What does a tech editor actually do?

If you’ve for some bizarre reason ended up looking at my bibliography, you’ll have spotted that I’ve written a few books. It’s easy to get your head around what that actually means: Bang face on keyboard. Repeatedly. Tah-daaah! It’s a book!

Haje Jan Kamps
Jan 21, 2017 · 4 min read

If you did some deeper stalking, looking at the other books I’ve worked on, you may have seen the title Technical Editor on there. And you may have thought to yourself, what the ever-loving Christ is that?

Well… This post is your answer.

When the books I wrote went through the technical editor mill, I have to admit that I was a little bit disappointed — Sure, I was incredibly grateful for getting feedback on my writing, but the ‘feedback’ was limited to only actual technical errors. I figured ‘damn, here’s a fantastic opportunity to get some insights from a fellow photography author, but all I am getting is “This picture appears to be taken with a larger aperture than indicated. Please confirm”.

When that happened, I figured that I could do a better job than that, and contacted my publishers to see if I could help out. It turns out it isn’t very well paid — I mean, the pay isn’t horrible, but it’s nowhere near my normal freelance / consulting rates. So why do I bother?


What I get out of technical editing

Between you and me, I get a lot more out of tech editing than just the money. It is exciting to be involved in the production of new books, for one thing. It is also very interesting to see manuscripts in their raw form, and to realise that authors differ wildly in lots of different ways. Some authors write their books very tightly integrated (i.e. the photos illustrating points are key to each individual chapter, and it seems as if the chapters are written around a set of illustration images), others are… Not.

Some authors can barely string a sentence together (which is fine — that’s where the copy-editors come in. The important part is the content, after all), whilst others deliver flowing prose that verges on poetry. And, as you might imagine, there are a lot of people that are teetering somewhere in-between. I’m quite happy to admit that I’ve learned a lot from tech-editing other author’s books — and there can be little doubt about that I’m a better writer for it myself.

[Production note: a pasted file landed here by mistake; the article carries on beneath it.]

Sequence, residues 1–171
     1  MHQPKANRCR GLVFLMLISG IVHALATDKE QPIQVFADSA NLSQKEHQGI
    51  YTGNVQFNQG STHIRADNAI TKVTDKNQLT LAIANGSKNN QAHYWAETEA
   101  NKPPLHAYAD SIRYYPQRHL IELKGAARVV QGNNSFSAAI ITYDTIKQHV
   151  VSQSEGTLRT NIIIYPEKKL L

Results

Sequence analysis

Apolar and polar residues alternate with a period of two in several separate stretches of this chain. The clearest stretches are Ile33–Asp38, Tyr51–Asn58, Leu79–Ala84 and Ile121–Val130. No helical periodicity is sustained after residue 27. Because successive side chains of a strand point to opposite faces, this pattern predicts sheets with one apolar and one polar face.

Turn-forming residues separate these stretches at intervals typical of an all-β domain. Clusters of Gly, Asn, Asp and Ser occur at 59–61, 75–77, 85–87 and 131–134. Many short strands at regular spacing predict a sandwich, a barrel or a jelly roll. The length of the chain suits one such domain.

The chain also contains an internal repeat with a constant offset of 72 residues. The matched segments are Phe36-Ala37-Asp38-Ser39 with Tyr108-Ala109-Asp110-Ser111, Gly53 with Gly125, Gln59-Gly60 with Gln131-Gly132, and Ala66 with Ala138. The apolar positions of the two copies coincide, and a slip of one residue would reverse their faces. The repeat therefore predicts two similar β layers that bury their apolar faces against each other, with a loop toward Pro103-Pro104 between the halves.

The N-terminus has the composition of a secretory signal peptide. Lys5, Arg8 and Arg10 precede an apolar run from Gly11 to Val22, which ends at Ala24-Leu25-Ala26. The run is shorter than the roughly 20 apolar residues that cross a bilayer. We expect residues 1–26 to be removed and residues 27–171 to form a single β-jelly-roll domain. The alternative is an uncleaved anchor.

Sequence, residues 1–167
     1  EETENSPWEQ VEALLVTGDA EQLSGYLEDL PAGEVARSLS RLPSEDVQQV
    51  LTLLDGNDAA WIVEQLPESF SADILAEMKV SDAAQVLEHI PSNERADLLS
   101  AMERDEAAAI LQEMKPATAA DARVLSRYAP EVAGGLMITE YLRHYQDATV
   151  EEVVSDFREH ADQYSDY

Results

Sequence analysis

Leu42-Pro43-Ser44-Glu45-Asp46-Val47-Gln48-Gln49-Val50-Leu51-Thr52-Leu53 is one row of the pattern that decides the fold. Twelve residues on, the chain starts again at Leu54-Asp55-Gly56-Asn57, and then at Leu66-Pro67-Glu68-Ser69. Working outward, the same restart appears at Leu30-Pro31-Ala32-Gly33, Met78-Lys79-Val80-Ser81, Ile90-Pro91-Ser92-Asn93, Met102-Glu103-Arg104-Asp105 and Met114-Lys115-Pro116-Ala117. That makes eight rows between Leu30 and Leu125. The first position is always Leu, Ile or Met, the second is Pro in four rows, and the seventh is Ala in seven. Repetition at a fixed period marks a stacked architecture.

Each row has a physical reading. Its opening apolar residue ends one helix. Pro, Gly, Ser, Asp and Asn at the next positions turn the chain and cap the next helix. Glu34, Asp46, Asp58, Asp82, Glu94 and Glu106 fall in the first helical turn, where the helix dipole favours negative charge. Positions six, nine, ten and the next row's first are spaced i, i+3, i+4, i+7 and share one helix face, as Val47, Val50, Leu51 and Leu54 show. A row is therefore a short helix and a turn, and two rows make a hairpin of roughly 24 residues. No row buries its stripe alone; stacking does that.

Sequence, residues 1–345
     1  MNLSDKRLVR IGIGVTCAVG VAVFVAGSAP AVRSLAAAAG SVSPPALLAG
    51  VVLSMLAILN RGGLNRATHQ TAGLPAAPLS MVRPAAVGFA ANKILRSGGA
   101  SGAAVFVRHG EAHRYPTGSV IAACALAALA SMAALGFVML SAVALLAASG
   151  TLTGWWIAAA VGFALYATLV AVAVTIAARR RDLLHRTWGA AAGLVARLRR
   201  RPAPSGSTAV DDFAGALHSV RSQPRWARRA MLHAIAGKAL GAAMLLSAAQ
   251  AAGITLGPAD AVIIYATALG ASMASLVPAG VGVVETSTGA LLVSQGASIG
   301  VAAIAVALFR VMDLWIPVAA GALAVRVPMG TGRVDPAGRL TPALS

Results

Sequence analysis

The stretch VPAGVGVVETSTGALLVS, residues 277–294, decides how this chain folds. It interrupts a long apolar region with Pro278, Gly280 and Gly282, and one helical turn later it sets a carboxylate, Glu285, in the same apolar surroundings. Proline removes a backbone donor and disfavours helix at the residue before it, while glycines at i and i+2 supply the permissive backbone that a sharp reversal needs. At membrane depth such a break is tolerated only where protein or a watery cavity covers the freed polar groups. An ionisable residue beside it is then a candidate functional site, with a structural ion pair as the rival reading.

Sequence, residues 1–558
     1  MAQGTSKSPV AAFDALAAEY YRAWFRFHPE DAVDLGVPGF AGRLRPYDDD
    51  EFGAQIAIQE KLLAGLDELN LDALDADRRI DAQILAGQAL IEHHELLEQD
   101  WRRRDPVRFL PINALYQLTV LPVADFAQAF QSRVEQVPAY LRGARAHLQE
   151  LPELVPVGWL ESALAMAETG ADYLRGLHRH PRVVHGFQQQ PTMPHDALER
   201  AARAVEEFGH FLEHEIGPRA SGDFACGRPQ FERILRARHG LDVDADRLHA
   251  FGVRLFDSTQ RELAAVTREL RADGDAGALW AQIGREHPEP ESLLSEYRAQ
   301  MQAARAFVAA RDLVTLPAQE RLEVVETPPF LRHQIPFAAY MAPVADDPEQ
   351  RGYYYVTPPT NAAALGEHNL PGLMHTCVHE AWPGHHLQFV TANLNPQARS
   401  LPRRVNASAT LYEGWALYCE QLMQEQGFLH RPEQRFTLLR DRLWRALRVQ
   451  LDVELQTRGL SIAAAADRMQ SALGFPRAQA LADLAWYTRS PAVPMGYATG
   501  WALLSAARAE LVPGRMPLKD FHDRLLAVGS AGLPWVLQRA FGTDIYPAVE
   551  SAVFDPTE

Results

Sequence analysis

Of course, I also get the fuzzy feeling of knowing that someone else’s book is a tiny little bit more accurate, more complete, and a smidgeon better because I was involved.


What does the technical editor add to the manuscript?

I can only speak about what I do myself, really, but it’s a pretty thorough process:

Check all factual information in the manuscript — That includes names mentioned (Is it the right person? Is their name spelled correctly?), dates listed (do the dates make sense? Do they match the EXIF data of the images being used as examples?), any photographic equipment used (are they still on sale? Does the equipment do what the author claims it does?), etc.

Look at every photo in detail, at 100% magnification — Are they sharp and in focus? Do they need further post-processing to look good in print? Is the white balance correct? How do the images look in context with other photos in the same chapter?

Check the EXIF data of every image — You’d be amazed how easy it is to get the camera data muddled up in captions: A 1/160 second shutter speed turns into a 1/60 second shutter speed, for example, or the author writes that they were shooting wide-open with a 17mm lens whilst the EXIF data seems to think we are talking about different equipment. It isn’t the end of the world, of course, but if a publisher is going to go through the trouble of hiring a technical editor, we may as well get it perfect — especially if people are going to try to use the exposure settings as starting points for their own photographs.

Query any inconsistencies — Some times, you look at a photo and think “There is no way this image was taken in the way the photographer says”. Perhaps the lighting is off; maybe there’s some reflection that shows that they used another piece of equipment, etc.

Finally, I will go through and see if I can think of any key pieces of information or advice that have been missed out. Do I know of any great tips, alternative ways of doing things, or faster methods to accomplish the same result? If so, it goes into my tech editing notes.


What happens with the tech editing notes?

The tech editor’s notes go back to the author of the book — who then gets to decide whether to do anything with the advice. Some times, they might decide to rewrite a section, they may just update the text or caption based on my comments — or they might decide that they disagree with the comments, and simply move along and leave it as-is.

Not changing anything based on the technical editor’s comments or suggestions is okay, too, of course. Ultimately, the author is the boss, and the tech notes are just there to help nudge a writer in the right direction. And occasionally, you save a writer from some rather embarrassing mistakes, too… But such is the Editor’s Code — what happens in the editing room, stays in the editing room.


So how can I hire a tech editor?

There are a lot of good photography tech editors out there, and a quick google search should help you on your way.

Haje Jan Kamps

Books and other projects by Haje

Haje Jan Kamps

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Helping startups for a living and taking photos for fun.

Haje Jan Kamps

Books and other projects by Haje